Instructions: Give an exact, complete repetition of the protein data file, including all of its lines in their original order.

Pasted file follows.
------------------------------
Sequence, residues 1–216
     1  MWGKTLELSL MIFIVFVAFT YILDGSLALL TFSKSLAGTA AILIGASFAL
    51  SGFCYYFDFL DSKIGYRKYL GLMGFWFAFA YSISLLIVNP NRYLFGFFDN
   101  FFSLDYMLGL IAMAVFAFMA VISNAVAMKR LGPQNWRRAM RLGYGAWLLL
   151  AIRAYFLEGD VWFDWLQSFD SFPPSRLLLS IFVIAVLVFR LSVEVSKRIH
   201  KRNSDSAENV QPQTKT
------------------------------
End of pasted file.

Sequence, residues 1–216
     1  MWGKTLELSL MIFIVFVAFT YILDGSLALL TFSKSLAGTA AILIGASFAL
    51  SGFCYYFDFL DSKIGYRKYL GLMGFWFAFA YSISLLIVNP NRYLFGFFDN
   101  FFSLDYMLGL IAMAVFAFMA VISNAVAMKR LGPQNWRRAM RLGYGAWLLL
   151  AIRAYFLEGD VWFDWLQSFD SFPPSRLLLS IFVIAVLVFR LSVEVSKRIH
   201  KRNSDSAENV QPQTKT